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Rio Tinto Moves To Renewable Electricity At Kennecott Copper

South Jordan—Rio Tinto will reduce the annual carbon footprint associated with its Kennecott Utah Copper operation by as much as 65 percent through purchasing renewable energy certificates and permanently shutting its coal power plant.

Kennecott’s electricity needs will now be paired with 1.5 million megawatt hours of renewable energy certificates supplied by Rocky Mountain Power, primarily sourced from its Utah allocated portfolio including wind power from Wyoming.

The change will reduce the annual carbon footprint associated with the operation by over one million tonnes CO2.

Rio Tinto Chief Executive J-S Jacques said, “Rio Tinto is committed to playing a part in the transition to a low-carbon economy. This move will significantly reduce emissions associated with our operations in Kennecott and allow us to offer customers copper, gold and silver with a reduced carbon footprint. The materials we produce, from infinitely recyclable aluminium and copper used in electrification to borates used in energy-efficient building materials and our higher grade iron ore product, all play a part in this transition to a low-carbon economy. Rio Tinto will continue to work with partners and customers to develop new sustainable solutions.”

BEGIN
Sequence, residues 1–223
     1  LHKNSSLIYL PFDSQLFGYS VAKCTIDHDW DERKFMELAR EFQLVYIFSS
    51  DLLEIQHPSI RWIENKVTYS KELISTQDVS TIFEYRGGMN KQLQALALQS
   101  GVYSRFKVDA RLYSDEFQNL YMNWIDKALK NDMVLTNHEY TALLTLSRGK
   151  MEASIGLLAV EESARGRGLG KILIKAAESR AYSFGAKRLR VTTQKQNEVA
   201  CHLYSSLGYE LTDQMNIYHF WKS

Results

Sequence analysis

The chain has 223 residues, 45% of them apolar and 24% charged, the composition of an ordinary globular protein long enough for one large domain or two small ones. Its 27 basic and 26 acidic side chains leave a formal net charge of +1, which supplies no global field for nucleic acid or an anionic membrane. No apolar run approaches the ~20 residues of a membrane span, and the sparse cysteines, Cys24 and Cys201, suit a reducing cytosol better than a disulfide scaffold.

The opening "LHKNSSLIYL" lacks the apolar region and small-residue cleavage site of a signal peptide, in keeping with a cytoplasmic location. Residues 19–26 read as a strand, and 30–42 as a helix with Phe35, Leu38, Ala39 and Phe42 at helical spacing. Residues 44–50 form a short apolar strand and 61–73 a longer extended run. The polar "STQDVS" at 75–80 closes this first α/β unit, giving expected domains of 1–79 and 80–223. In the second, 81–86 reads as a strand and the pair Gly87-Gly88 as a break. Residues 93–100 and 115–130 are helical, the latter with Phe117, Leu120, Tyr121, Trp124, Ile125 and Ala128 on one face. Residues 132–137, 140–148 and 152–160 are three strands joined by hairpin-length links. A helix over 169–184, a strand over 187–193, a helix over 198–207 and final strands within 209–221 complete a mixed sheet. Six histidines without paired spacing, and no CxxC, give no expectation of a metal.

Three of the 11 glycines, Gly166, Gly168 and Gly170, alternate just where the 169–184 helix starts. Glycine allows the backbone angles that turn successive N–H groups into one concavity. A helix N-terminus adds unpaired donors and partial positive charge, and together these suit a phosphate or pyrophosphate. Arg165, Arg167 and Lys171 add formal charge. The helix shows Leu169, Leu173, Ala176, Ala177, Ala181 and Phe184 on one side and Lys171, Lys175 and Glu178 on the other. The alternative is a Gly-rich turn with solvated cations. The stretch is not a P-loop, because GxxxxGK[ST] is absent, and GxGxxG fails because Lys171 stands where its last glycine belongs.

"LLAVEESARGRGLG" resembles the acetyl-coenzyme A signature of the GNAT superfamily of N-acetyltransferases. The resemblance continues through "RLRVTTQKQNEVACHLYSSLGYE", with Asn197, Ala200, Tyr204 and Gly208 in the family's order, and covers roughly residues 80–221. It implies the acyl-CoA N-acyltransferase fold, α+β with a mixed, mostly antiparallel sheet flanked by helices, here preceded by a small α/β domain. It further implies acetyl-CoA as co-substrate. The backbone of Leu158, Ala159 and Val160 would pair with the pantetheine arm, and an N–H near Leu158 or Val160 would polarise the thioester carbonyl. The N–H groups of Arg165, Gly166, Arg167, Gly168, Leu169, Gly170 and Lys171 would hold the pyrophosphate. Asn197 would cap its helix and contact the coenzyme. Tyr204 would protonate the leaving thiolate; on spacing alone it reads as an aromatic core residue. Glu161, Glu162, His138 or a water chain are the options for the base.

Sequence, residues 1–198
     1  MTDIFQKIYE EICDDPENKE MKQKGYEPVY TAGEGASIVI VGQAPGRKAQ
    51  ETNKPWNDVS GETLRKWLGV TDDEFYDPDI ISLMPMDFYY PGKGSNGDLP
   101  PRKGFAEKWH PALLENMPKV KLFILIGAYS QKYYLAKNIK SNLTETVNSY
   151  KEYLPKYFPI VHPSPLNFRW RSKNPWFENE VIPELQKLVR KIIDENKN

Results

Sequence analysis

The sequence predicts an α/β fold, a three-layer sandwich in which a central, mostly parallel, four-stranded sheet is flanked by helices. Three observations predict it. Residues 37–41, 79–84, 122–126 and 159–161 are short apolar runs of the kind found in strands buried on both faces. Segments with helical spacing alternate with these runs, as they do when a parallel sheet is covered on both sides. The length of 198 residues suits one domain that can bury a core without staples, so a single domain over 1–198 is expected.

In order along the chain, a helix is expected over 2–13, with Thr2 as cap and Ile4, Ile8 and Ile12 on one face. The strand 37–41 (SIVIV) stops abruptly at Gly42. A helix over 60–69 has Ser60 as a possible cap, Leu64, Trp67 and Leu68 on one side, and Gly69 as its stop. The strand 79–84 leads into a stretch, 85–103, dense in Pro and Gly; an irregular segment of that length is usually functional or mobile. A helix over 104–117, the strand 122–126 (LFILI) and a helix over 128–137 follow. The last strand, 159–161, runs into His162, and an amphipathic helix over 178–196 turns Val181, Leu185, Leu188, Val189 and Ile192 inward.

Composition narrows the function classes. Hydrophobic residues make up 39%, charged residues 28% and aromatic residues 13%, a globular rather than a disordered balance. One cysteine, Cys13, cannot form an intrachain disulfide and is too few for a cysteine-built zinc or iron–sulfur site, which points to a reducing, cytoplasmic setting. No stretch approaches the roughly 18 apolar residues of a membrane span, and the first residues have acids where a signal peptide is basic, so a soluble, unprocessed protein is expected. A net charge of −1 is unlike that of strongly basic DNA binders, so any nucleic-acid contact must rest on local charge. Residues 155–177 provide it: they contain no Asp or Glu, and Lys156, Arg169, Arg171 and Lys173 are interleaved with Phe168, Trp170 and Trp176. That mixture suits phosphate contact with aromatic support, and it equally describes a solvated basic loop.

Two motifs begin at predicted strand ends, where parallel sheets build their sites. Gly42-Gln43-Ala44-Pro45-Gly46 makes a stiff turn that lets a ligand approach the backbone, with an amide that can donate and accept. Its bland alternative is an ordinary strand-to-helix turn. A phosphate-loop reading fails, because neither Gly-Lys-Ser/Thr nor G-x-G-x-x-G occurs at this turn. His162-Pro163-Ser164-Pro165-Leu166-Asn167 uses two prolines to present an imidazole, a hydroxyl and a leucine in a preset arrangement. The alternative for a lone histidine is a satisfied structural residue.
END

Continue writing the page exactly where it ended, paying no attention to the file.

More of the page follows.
The move to support renewable power is the result of collaboration with the Utah government, local communities and Rocky Mountain Power to improve air quality and deliver an alternative power solution.

The Governor of Utah Gary Herbert said, “Rio Tinto’s decision to retire their power plant is a win-win for our community. Their decision will simultaneously support Utah’s shift toward a low carbon economy and improve air quality in the Salt Lake Valley.”

This is the latest initiative to make Kennecott greener. Since 2005, it has been smelting scrap metal such as old copper wiring into its smelting process. In 2018, it processed more than 2.8 million pounds of copper from recycled scrap metal, enough to provide the electrical wiring in 6,400 new homes.

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